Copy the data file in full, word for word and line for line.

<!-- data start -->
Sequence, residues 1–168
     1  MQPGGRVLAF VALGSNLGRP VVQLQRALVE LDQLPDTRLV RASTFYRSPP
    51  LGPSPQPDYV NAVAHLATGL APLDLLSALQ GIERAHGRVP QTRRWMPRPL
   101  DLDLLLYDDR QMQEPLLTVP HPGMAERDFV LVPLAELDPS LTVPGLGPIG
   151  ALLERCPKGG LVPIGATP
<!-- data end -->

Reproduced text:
Sequence, residues 1–168
     1  MQPGGRVLAF VALGSNLGRP VVQLQRALVE LDQLPDTRLV RASTFYRSPP
    51  LGPSPQPDYV NAVAHLATGL APLDLLSALQ GIERAHGRVP QTRRWMPRPL
   101  DLDLLLYDDR QMQEPLLTVP HPGMAERDFV LVPLAELDPS LTVPGLGPIG
   151  ALLERCPKGG LVPIGATP